The Arts as Paths to God: Secular and Sacred Art and the Spiritual Life
“Created ‘in the image of God,’ man also expresses the truth of his relationship with God the Creator by the beauty of his artistic works” (Catechism of the Catholic Church, §2501). Led by Fr. Innocent Smith, O.P., this course will explore the ways in which the visual and performing arts can lead us to encounter the Truth, Goodness, and Beauty of God.
September 19: Introduction
September 26: Dance
October 3: Music
October 10: Sculpture
October 17: Poetry
October 24: Architecture
November 7: Painting
November 14: Literature
November 22 at 6 pm: Mass for the Feast of St. Cecilia
Tuesday evenings from 6:45-7:45 pm
St. Vincent Ferrer Parish Hall
869 Lexington Ave, New York, NY
In early August, the Frassati Fellowship of Young Adults organized a ten-day mission trip to Peru. Fr. Dominic Bump and I served as chaplains for the trip, along with two Franciscan friars and a diocesan priest from New York. Fr. Walter asked me to share with you some of the experiences of the trip.
The main part of the trip was spent in Laderas, a poor suburb outside of Lima, where thousands of people live in makeshift houses. The purpose of our visit was two-fold: to help with the material needs of the people of Laderas by building new homes for families without adequate housing, and to see to their spiritual needs by visiting families, offering house blessings, and giving the opportunity for people to go to confession and receive the sacrament of the anointing of the sick. Each day, most of the thirty young adults worked on the houses under the direction of a local contractor, while the priests were led from house to house under the direction of women from the parish of Laderas. During these visits, the young adults rotated so as to get the experience of visiting the families, while at the same time not overwhelming those we visited with too many people! While several of the priests spoke Spanish fluently, Fr. Dominic and I were able to receive the assistance of members of our group who served as translators, even assisting (under the seal!) with the sacrament of reconciliation.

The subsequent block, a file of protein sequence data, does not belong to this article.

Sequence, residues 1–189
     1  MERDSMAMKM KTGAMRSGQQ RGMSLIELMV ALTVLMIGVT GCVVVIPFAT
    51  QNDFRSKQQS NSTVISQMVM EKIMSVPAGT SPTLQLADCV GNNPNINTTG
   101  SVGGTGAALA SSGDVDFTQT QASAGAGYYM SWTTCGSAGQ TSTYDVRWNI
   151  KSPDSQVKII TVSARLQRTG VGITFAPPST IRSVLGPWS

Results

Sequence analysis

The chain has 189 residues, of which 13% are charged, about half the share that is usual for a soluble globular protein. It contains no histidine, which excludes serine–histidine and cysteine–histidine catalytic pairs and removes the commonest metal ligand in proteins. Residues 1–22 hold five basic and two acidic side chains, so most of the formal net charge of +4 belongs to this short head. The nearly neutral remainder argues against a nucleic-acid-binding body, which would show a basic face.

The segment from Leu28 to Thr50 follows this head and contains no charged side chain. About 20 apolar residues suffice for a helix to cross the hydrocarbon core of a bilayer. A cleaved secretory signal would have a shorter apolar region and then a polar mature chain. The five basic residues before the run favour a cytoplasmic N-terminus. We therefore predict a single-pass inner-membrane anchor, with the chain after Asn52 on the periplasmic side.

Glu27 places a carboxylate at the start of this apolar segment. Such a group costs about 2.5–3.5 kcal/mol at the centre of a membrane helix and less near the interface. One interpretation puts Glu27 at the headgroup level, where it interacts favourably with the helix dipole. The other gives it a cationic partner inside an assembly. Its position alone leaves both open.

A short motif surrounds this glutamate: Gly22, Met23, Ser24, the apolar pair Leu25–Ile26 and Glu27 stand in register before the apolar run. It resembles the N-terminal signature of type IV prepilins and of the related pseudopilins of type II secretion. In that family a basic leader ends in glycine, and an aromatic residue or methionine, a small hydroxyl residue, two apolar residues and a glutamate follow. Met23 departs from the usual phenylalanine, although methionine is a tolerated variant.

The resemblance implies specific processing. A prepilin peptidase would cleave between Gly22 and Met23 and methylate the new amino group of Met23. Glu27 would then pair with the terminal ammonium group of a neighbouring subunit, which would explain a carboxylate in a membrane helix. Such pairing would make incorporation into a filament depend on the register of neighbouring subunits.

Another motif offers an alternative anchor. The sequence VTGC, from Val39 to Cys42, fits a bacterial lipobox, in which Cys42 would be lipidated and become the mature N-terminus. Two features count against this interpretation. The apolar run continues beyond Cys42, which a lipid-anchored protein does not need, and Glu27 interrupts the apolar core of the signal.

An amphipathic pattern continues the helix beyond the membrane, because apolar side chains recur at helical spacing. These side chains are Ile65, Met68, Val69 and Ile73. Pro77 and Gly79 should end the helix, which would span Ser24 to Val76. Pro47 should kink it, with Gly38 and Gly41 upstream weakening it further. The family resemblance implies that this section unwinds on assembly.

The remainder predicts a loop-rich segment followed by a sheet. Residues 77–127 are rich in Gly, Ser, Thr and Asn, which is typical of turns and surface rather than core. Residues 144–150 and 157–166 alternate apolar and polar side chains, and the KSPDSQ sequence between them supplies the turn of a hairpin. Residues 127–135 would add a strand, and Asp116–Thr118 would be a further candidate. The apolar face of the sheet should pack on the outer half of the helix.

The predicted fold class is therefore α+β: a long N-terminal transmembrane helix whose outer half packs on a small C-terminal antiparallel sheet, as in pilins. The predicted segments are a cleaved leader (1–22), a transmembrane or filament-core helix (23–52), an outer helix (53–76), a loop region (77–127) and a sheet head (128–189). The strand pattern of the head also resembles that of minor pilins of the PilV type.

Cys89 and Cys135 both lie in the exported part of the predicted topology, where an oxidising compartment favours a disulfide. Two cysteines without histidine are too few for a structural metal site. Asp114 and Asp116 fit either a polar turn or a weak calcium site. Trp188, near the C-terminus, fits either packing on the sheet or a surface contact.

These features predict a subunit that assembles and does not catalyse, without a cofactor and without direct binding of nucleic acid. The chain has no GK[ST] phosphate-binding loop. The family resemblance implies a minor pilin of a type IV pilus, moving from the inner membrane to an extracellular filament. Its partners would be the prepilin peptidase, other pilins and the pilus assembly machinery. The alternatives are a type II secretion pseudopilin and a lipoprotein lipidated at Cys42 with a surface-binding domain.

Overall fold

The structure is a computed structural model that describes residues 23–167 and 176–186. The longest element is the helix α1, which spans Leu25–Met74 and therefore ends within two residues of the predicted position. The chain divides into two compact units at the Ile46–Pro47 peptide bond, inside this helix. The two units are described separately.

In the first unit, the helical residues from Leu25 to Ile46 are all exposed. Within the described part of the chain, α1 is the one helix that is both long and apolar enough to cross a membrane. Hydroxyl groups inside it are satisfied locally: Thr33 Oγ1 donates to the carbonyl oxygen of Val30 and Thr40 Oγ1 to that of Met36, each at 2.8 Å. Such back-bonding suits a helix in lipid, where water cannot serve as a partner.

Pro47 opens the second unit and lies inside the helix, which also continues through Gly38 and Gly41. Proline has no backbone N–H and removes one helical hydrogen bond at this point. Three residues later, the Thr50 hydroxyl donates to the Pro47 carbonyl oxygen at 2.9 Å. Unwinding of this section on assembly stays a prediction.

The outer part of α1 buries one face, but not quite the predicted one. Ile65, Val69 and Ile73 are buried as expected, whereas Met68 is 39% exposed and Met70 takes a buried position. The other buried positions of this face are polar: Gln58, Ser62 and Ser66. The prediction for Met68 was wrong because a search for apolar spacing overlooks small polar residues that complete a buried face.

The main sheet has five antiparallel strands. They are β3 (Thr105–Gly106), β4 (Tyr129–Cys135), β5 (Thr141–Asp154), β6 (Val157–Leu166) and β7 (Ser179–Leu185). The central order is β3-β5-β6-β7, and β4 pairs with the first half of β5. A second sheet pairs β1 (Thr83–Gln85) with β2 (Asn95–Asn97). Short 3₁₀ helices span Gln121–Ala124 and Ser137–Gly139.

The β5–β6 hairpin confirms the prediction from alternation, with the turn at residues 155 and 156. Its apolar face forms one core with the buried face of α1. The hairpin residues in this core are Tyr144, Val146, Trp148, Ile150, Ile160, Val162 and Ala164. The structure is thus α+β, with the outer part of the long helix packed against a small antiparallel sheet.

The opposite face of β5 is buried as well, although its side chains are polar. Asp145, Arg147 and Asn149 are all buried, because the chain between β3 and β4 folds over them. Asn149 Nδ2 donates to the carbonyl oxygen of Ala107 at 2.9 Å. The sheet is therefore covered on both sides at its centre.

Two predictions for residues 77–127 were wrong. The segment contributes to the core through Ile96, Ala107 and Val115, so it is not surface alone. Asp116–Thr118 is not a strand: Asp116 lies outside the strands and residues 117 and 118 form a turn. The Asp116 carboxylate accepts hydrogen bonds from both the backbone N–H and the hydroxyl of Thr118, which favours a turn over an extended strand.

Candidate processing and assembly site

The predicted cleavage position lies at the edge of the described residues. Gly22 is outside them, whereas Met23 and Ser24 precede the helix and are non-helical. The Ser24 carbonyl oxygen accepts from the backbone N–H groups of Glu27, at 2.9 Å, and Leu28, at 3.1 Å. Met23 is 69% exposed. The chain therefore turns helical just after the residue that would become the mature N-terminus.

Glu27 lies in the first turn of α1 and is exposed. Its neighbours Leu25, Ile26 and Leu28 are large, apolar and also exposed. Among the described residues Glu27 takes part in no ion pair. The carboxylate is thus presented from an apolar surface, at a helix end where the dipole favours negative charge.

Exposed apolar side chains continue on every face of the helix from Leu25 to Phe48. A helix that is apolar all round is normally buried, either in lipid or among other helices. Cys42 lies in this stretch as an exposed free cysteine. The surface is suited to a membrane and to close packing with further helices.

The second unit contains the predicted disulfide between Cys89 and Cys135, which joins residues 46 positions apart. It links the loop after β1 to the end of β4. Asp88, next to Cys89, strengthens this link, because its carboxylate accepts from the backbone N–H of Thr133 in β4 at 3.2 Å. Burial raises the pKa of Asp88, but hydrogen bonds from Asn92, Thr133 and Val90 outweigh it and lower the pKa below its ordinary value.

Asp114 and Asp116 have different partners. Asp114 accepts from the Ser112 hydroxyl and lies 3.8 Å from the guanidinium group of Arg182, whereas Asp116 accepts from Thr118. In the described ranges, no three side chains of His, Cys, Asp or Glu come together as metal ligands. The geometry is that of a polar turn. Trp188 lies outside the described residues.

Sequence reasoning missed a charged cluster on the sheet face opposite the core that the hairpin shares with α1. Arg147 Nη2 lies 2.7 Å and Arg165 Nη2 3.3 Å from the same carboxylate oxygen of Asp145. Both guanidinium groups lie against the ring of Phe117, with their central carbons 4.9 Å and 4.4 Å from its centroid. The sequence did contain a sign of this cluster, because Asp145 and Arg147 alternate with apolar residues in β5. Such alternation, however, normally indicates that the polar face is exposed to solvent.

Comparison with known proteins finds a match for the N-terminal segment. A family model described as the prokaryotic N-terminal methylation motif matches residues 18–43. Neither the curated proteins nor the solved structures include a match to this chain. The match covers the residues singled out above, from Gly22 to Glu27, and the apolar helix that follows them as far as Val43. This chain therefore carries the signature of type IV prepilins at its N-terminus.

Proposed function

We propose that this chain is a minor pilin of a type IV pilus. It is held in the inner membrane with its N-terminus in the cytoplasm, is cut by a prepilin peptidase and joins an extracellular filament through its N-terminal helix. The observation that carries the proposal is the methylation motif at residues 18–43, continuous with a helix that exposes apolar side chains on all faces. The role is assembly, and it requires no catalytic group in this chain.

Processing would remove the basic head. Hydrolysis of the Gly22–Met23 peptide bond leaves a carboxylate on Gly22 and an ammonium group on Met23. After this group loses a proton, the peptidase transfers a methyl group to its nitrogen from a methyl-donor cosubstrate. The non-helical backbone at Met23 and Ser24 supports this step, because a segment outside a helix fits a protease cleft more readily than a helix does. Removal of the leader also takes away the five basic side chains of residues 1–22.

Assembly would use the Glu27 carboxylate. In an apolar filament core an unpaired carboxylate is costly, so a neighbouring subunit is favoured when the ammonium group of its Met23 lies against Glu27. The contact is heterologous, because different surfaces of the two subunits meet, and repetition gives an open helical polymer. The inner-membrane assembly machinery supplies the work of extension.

For me, the visit afforded many opportunities to see the grace of God at work in our chance encounters. At one point, my group climbed to the top of one of the tall hills surrounding the main part of the village to visit a woman who was very sick. For some reason we weren’t able to see her, but on the way up we met a man walking his bicycle up the hill, and he invited us to bless his home. This led to us then being invited to bless a series of other homes on the ridge. It was a reminder that sometimes failing at what we set out to do can lead to other opportunities to do God’s will. On another occasion, I noticed two beautiful cats on a door step, so I stopped to take a picture. While I was doing this, a woman opened the door, either by chance or to see what was going on. This led to us being invited in to do a house blessing. A reminder of the apostolic efficacy of a love of cats!
Some of our home visits revealed a distressing aspect of life in this community. It is characteristic for homes to have at least three generations living together, but unfortunately this is often because the men of the second generation have abandoned their wives or partners. There’s a tragic cycle of infidelity and
abandonment that seems to keep repeating itself. And yet at the same time one could sense joy and faith in the midst of the pain and suffering. It was a reminder for me of the importance of working to encourage growth in the virtues that make healthy and happy families possible.
The trip was also a chance to encounter anew my own Dominican heritage. On August 8, the feast of